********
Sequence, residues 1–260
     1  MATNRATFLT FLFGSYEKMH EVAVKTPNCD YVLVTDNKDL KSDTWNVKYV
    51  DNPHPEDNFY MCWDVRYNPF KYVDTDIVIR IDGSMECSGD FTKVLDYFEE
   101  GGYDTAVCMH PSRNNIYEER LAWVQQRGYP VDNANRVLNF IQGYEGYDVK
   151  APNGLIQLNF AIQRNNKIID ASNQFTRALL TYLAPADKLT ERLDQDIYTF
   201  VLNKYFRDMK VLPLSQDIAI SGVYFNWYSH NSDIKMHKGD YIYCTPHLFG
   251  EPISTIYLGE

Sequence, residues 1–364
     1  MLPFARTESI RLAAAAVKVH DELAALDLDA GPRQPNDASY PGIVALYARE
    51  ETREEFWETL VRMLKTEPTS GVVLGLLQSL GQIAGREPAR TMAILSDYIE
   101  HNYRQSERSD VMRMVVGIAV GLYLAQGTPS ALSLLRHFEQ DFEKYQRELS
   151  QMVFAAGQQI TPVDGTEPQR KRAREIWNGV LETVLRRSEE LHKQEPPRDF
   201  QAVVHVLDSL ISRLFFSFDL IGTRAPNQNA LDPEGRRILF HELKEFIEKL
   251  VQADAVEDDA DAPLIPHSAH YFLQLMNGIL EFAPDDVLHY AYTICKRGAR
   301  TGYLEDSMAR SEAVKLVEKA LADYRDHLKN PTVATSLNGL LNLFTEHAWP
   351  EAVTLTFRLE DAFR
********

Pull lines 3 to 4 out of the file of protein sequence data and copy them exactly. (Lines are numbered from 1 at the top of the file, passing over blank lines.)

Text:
    51  DNPHPEDNFY MCWDVRYNPF KYVDTDIVIR IDGSMECSGD FTKVLDYFEE
   101  GGYDTAVCMH PSRNNIYEER LAWVQQRGYP VDNANRVLNF IQGYEGYDVK